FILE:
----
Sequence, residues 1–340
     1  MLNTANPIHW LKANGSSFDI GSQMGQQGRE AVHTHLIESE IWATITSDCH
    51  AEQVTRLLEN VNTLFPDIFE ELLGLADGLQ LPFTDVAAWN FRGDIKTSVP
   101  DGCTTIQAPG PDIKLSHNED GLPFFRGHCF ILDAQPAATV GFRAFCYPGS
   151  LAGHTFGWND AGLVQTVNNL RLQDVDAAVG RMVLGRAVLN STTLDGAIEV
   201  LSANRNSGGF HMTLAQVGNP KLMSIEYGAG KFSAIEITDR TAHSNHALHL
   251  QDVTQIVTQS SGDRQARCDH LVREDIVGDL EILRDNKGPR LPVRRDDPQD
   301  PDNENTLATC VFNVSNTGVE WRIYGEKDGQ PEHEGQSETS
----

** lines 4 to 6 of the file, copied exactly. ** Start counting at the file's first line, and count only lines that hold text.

   101  DGCTTIQAPG PDIKLSHNED GLPFFRGHCF ILDAQPAATV GFRAFCYPGS
   151  LAGHTFGWND AGLVQTVNNL RLQDVDAAVG RMVLGRAVLN STTLDGAIEV
   201  LSANRNSGGF HMTLAQVGNP KLMSIEYGAG KFSAIEITDR TAHSNHALHL